This weekend at the NorCal Invitational in Stockton, Calif., the No. 2 Cal men’s water polo team will get its first look at the rest of the MPSF competition.
There will be plenty more throughout the season.
While the Bears (2-0) have something scheduled for every weekend from now until the NCAA Championships in December, fellow MPSF teams make up the majority of their opponents, even in nonconference play. At both the NorCal Invitational and next month’s SoCal Invitational, the MPSF is heavily, if not fully, represented. Cal sees this as neither an advantage or a disadvantage, simply a product of the season.
“Every team is in the same boat,” coach Kirk Everist said. “It’s just a matter of taking advantage of the opportunity we’re given. You can’t get complacent because teams get to know you well.”
However, playing the first of many faceoffs this weekend has an inherent benefit: after scrimmaging amongst themselves and other teams during the summer offseason and whipping lower-rung competition in its season opener, the Bears finally get the opportunity to play against high-level opponents.
When it comes to NCAA rankings, the MPSF is top-heavy; all nine teams occupy the top nine spots, and all nine will be at the invitational. In fact, with schools such as No. 11 UC Davis and No. 13 Concordia competing as well, 14 of the 16 teams competing at the NorCal Invitational hold NCAA rankings.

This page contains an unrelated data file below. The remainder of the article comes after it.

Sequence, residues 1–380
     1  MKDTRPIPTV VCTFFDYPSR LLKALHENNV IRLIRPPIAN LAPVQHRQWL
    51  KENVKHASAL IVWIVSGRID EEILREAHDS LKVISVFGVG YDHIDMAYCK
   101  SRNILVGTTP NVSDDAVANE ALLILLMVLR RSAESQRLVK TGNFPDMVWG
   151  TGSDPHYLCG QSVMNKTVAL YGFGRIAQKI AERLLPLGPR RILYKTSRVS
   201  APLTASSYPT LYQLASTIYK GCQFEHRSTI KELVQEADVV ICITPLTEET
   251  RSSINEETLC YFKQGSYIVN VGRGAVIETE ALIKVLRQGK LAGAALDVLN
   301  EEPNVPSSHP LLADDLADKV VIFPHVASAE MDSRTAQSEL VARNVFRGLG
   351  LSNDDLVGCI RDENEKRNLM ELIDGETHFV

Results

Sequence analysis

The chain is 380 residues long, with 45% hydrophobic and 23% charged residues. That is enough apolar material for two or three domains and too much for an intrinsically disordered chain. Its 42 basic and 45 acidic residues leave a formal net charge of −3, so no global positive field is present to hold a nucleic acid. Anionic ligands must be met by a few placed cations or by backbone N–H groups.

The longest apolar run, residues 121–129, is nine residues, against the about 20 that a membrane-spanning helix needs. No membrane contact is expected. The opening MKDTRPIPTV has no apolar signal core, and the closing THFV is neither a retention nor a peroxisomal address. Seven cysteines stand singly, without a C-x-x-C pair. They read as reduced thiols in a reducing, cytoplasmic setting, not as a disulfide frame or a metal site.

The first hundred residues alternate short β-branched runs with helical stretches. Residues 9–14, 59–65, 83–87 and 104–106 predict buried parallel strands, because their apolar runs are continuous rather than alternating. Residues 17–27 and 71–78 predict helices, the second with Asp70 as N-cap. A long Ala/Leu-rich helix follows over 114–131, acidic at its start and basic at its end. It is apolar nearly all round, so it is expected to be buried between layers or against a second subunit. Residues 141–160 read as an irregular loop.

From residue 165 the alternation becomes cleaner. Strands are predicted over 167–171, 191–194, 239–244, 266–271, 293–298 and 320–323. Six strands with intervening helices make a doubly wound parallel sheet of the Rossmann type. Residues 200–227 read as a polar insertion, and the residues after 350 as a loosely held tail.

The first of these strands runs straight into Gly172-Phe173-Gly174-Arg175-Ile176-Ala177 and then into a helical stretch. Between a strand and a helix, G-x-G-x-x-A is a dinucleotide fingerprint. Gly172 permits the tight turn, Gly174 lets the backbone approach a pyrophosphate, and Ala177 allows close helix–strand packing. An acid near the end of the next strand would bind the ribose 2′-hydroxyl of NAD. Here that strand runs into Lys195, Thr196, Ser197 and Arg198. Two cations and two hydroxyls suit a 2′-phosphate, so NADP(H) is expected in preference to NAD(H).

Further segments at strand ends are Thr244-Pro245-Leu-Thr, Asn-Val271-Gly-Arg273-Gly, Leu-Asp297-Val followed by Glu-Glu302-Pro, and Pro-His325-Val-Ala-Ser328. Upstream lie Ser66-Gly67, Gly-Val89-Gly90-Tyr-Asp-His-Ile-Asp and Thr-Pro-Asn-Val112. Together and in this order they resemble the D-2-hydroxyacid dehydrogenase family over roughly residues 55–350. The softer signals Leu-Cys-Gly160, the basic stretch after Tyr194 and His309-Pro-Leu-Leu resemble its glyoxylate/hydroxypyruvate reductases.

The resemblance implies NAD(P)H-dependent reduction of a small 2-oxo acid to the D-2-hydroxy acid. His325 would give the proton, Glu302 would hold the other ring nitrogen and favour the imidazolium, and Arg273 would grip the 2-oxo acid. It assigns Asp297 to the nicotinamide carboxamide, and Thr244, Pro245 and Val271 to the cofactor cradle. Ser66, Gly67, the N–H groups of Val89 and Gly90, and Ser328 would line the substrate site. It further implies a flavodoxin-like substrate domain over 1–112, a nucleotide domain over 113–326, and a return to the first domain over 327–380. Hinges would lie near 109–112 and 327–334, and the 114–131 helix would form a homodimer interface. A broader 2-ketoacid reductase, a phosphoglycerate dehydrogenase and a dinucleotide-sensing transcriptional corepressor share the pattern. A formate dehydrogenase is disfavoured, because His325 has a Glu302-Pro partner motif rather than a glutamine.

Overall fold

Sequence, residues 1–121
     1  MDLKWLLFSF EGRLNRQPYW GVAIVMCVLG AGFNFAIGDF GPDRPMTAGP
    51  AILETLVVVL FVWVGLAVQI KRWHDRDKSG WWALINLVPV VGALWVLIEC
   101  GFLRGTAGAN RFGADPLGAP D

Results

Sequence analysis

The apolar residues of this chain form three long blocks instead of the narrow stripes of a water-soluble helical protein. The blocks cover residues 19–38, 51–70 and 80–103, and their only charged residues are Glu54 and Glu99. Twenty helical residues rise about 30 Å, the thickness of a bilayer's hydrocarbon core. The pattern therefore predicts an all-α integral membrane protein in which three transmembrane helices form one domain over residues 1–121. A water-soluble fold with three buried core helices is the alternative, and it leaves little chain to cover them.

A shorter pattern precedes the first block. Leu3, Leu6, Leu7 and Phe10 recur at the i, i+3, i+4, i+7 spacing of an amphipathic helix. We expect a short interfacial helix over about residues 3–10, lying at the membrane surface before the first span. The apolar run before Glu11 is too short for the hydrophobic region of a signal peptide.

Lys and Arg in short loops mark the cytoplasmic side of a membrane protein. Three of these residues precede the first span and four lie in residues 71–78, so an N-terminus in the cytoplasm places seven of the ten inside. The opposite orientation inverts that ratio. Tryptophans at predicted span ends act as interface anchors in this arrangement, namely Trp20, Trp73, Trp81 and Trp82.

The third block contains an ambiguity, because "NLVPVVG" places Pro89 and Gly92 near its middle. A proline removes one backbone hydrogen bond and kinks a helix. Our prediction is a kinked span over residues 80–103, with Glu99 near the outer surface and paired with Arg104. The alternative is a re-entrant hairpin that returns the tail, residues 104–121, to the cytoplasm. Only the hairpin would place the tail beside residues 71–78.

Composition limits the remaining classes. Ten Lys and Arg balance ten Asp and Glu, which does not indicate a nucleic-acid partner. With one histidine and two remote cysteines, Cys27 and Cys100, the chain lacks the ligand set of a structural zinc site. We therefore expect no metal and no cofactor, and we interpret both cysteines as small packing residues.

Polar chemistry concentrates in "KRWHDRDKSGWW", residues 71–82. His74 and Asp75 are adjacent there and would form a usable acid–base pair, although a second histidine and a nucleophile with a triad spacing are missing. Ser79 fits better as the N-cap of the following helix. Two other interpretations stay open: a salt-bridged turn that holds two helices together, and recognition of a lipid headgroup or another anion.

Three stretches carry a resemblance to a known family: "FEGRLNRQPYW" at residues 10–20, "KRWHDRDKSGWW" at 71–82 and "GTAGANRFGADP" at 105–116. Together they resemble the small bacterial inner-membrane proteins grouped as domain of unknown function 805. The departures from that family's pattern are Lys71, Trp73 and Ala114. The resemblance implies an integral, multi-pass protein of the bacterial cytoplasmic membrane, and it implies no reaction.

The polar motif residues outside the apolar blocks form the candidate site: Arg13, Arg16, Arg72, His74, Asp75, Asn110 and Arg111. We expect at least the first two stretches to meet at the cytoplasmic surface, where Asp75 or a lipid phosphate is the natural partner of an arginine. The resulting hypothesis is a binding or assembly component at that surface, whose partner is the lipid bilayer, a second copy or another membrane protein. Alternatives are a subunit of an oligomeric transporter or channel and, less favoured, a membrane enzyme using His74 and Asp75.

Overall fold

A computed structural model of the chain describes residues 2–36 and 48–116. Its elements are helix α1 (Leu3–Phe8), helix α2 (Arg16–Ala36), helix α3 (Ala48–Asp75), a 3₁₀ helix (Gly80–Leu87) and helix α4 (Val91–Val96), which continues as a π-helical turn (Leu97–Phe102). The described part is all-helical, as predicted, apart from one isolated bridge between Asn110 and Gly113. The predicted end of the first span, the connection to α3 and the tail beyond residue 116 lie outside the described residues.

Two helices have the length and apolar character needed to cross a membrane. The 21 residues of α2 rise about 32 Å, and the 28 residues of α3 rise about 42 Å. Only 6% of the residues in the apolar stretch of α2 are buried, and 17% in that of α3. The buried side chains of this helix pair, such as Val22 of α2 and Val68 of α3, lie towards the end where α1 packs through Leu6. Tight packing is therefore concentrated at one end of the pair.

“The level of play is going to go up from where we were,” Everist said. “The intensity, the focus is going to up because it’s a season game. We have to match it.”
According to Everist, the invite isn’t set up like a traditional single-elimination tournament with consolation rounds. Instead, it functions mainly as a way to maximize games played, allowing winners and losers to continue to compete. The NCAA restricts the number of competition days, but not the number of games played in those days.
Cal, for instance, will start off against an unranked Vanguard. If the team wins, it will move on later in the day to play the winner of the UC Davis/Pepperdine game. After that, it’s pretty much anyone’s guess as to how the tournament will go. Each team will still play a total of four games, with final 1 through 16-place finishes doled out at the end.
However, the final place won’t matter to the Bears as much as simply playing a few good games and executing a ‘team plan’ based on chemistry between new and returning athletes rather than strategy.
“It’s nothing specific,” senior captain Charlie Steffens said. “Just sort of to remain calm in tough situations, to always play as a team, to know we’ve done the preparation when it comes to game time.”
Continuing their perfect record and scoping out the competition isn’t far from their minds, either. Whether facing a reigning force like No. 1 USC or a squad further down the rankings, Cal approaches each match as if facing a top tier opponent.
“This is the start of the journey toward being a very consistent and high level team no matter who we play,” Everist said. “For the first time in the season we’re going to get challenged.”